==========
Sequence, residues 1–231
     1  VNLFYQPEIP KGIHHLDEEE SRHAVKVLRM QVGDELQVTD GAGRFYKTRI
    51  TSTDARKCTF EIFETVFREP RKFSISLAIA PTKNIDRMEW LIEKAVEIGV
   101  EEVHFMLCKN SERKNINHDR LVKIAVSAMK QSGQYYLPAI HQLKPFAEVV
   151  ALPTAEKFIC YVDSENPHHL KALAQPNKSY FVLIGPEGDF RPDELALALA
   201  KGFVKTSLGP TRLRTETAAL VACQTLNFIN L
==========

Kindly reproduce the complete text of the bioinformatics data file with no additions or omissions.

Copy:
Sequence, residues 1–231
     1  VNLFYQPEIP KGIHHLDEEE SRHAVKVLRM QVGDELQVTD GAGRFYKTRI
    51  TSTDARKCTF EIFETVFREP RKFSISLAIA PTKNIDRMEW LIEKAVEIGV
   101  EEVHFMLCKN SERKNINHDR LVKIAVSAMK QSGQYYLPAI HQLKPFAEVV
   151  ALPTAEKFIC YVDSENPHHL KALAQPNKSY FVLIGPEGDF RPDELALALA
   201  KGFVKTSLGP TRLRTETAAL VACQTLNFIN L